UK Government Refreshes Its Terrible 'Online Safety Bill,' Adds Even More Content For Platforms To Police
from the maybe-the-gov't-could-just-print-out-a-shorter-list-of-speech-it-likes dept
The UK’s internet censorship bill rebranded from “Online Harms” to “Online Safety” last spring. The name change did nothing to limit the breadth of the bill, despite supposedly shifting the focus from “harm” to “safety.” Whatever the name, it’s still being touted by supporters as a fix for anything anyone doesn’t like about the internet.
Speech will be policed. Lots of it. Everyone from megalithic Meta to the person running a niche message board will be subject to the new rules, which shifts liability from the posters of unwanted or illegal content to the third parties hosting it.
In order to find and remove content found on the ever-lengthening list of “bad” content (which, let’s highlight again, includes legal content), platforms and services will have to perform more internal policing of content. This means that, in many cases, encryption for content and communications will no longer be a viable option. To comply with the law — one that carries potential fines of up to 10% of a company’s global revenues — providers will have to remove end-to-end encryption so they can monitor communications between users.
The UK government isn’t honest enough to call for the end of encryption. But it’s willing to let attrition do its dirty work for it. The anti-encryption agitating continues, despite the UK government’s Information Commissioner’s Office telling the rest of the government that weakening or eliminating encryption will harm more children than it saves.
The bill marches forward, gathering even more speech-harming detritus. As CNBC reports, another round of UK government inquiries has resulted in the proposed law being made even worse.
The government said Friday that the bill will now include extra-priority provisions outlawing content that features revenge porn, drug and weapons dealing, suicide promotion and people smuggling, among other offences.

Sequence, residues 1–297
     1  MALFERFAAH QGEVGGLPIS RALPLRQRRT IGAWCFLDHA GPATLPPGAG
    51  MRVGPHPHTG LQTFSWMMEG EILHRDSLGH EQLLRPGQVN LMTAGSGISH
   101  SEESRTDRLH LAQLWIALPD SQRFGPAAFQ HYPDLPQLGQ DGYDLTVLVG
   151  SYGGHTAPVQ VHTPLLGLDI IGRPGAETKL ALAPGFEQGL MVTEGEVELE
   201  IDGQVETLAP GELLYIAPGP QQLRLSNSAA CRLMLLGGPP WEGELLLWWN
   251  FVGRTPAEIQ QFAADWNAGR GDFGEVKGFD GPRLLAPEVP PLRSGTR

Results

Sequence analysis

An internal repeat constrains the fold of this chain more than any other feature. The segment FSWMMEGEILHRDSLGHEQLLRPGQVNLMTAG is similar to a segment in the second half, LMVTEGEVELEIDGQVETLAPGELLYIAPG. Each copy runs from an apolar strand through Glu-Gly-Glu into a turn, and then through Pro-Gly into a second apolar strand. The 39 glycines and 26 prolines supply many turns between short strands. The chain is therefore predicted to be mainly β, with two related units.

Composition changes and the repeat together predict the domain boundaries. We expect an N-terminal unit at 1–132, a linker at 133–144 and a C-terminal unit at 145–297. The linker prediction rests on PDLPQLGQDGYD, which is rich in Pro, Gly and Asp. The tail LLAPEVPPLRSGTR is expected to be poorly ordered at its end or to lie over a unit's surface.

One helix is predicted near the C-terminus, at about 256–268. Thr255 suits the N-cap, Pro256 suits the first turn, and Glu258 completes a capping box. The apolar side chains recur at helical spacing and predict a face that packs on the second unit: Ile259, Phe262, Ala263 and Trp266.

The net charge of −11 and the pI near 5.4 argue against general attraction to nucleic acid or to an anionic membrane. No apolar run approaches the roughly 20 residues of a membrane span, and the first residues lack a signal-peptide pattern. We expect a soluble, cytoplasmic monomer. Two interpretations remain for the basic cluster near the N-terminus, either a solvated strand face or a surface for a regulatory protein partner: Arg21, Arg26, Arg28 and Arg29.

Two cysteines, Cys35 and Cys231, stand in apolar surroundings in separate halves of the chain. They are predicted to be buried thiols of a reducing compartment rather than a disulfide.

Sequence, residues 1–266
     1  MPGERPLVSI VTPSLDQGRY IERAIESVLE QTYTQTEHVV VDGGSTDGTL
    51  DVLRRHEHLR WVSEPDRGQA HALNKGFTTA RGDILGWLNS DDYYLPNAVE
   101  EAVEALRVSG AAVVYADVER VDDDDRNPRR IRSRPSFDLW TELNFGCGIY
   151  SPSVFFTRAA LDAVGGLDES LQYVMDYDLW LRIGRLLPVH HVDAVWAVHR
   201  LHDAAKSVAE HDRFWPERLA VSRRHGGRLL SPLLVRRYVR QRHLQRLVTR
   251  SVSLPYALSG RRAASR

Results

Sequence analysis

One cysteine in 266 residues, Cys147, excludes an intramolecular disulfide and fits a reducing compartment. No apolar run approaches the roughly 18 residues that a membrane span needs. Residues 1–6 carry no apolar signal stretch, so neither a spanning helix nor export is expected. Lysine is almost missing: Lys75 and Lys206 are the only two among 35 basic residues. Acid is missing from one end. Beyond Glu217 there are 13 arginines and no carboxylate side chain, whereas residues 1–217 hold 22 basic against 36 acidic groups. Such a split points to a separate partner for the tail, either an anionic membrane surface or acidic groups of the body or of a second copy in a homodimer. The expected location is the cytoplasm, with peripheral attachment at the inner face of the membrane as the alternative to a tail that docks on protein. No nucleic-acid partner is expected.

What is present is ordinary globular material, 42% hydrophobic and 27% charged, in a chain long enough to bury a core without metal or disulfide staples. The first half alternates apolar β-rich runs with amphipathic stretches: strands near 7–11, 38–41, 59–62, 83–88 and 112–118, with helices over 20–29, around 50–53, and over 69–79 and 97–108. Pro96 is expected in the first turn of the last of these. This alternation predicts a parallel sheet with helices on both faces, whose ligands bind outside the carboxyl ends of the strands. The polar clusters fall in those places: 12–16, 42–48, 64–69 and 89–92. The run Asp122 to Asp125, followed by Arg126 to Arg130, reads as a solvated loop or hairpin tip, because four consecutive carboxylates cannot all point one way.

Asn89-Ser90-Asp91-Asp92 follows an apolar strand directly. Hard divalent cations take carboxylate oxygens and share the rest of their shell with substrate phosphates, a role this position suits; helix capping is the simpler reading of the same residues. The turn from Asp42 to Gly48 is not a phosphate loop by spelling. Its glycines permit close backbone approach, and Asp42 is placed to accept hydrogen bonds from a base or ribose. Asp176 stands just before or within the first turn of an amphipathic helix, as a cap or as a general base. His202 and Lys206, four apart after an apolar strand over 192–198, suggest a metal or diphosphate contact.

It will also target individuals who send online abuse and threats, with criminal sentences ranging up to five years.
Stuff that was already on the ban list has been given greater priority, aligning self-harm and drug dealing with the big baddies of “terroristic content” and child sexual abuse material. Online threats and “abuse” will get stiffer legal penalties.
But that’s not all: there’s more to add to the UK government’s list of content it would like to treat as criminal acts.
The government said it is considering further recommendations, including specific offences such as sending unsolicited sexual images and trolling epilepsy sufferers, tackling paid-for scam advertising, and bringing forward criminal liability for senior company executives at the tech firms.
Every addition adds to the list of content that platforms and services must proactively monitor and remove. The addition of criminal liability for tech execs may seem like a crowd pleasing Guillotine 2.0, but in reality, it just means jailing people because their companies failed to achieve the impossible tasks the UK government has asked of them.
A lot of what’s being added won’t be easily detected by AI or human moderators — certainly not proactively. Context matters but proactive monitoring means context will be ignored. The difference between revenge porn and regular porn isn’t immediately and obviously clear. Pictures of guns or drugs are not necessarily promotional. And there are going to be some people in desperate need of help getting caught in the friction between talking about suicide and “suicide promotion.”
It all sounds good when it’s still on paper and reads like a blueprint for a trouble-free online existence. But it falls apart the moment you start asking questions about how this can be implemented without massively altering the contours of free speech in the UK and generating an incredible amount of collateral damage that may, in many cases, negatively affect the same vulnerable people the government believes this bill will protect.